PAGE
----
But the real story of F1 2017 is how Codemasters have worked to create a much more thrilling off-track experience. Just like in the real sport you now have to manage the various components of your car, choosing when to swap out an aging engine or gearbox for a new one, while always being aware that using up your allocation before the season is over means taking penalties. By the third race in my career run-through my McLaren had already managed to chomp its way through a bunch of parts and performance was suffering. Even that early I had to make choices about whether I was going to replace them, or keep running the existing ones with the decreased performance and possibility of them completely failing.
This feeds into the on-track action so that mid-way through a race components can degrade further and cause problems. At one point my gearbox began to have issues so my team told me to avoid shifting as much as possible, and then another part started having some troubles so I had to keep the revs lower by short-shifting. Effectively neutered I limped the car home, fending off as many people as possible for finally finishing up in 10th place. It was almost like a moment of dramatic storytelling in a game other without narrative.
You can increase the durability of your car, though, which is where the new research and development system comes into play. Just like in F1 2016 you still earn resource points by completing the five different test programs during the two practice sessions leading up to a race. These mini-games include driving through gates to prove you’ve mastered the track, managing tire wear and running a brief race simulation. They’re fun the first few times, but I admit constantly doing them on every track did begin to feel like a chore after a while. Still, at least they provide an extra reason to take part in practice sessions. Once you’ve got enough points you can head to the upgrade menu where it’s not so much a tech as it is a tech web. There are four sections to this sprawling mass of bits and bots; drive train, aerodynamics, durability, and chassis, and each of those, in turn, has a bunch of options to pick from. Now, on-track it’s fair to say that each upgrade is not particularly noticeable since just like the real sport performance boosts tend to be small but cumulative. It’s also fair to say that you can’t really tell one drivetrain upgrade from another when you’re racing. However, what this system does is make joining a low-ranking team and sticking with them feel satisfying and rewarding as you slowly but surely improve performance and claw your way to the front of the pack. I highly recommend the higher difficulty settings for the more authentic feel, as otherwise even a McLaren can get to the front easily.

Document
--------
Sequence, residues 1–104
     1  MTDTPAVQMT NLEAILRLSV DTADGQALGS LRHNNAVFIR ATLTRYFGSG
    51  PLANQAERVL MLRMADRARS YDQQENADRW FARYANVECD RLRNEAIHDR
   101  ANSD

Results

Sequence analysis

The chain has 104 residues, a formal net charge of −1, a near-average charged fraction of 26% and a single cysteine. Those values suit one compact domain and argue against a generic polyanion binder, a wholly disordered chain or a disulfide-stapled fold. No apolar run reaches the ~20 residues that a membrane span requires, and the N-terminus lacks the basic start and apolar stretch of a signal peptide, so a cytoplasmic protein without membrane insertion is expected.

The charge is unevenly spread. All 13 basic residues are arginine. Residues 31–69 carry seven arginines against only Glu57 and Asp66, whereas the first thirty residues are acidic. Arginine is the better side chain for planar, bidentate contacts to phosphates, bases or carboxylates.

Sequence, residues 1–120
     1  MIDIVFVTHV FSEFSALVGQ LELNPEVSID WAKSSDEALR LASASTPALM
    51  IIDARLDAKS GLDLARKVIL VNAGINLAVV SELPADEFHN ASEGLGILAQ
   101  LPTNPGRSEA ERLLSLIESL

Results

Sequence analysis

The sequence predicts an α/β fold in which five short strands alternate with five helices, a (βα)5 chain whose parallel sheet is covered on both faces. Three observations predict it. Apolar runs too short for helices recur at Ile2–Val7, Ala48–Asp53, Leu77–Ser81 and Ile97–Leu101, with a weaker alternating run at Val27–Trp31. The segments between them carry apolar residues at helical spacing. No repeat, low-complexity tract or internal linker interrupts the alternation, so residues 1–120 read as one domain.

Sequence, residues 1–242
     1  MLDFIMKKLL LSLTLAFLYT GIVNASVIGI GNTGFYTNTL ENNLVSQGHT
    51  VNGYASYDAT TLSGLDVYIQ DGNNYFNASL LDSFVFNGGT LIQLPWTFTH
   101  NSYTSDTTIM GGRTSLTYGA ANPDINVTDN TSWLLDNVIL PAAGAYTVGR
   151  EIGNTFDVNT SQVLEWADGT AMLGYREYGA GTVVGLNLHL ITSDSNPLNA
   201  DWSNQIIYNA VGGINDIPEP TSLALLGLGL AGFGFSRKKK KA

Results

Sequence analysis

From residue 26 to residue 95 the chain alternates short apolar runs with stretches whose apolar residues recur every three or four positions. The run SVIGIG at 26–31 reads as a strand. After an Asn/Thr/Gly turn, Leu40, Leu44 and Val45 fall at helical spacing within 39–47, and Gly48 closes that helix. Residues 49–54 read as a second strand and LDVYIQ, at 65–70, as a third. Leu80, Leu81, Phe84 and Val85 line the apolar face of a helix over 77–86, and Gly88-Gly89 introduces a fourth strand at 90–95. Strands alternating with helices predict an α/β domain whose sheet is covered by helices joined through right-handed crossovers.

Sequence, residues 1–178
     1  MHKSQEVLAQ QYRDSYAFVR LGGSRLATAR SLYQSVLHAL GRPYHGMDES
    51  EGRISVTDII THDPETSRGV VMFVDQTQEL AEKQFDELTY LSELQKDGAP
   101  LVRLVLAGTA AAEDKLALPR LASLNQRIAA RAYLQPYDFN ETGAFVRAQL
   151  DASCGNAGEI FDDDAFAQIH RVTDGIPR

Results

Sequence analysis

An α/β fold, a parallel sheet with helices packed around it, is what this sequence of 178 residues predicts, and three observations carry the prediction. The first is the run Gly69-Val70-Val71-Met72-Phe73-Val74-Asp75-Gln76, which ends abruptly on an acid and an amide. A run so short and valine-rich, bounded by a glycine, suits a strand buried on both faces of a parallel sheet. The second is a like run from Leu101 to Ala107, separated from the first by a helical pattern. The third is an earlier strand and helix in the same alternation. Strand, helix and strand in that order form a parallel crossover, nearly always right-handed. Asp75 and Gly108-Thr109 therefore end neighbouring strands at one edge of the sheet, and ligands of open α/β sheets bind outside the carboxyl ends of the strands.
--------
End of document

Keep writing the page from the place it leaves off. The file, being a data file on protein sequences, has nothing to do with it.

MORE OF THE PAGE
The rest of the off-track stuff is familiar as the game’s modest budget means Codemasters have reused most of their assets from last year, so the same people are ambling around the same paddock as F1 2016. Other graphical improvements are small and few, but it has to be said that this is still a rather beautiful game in motion. Trackside detail looks good, the cars are faithful recreations of their real-life counterparts and the dynamic weather is gorgeous. The only hiccup in the presentation is the audio, something that Codemasters have struggled with in this series. It isn’t bad, but it doesn’t manage to capture the sound of the real deal, although to be entirely fair the current crop of F1 cars sound bloody horrible.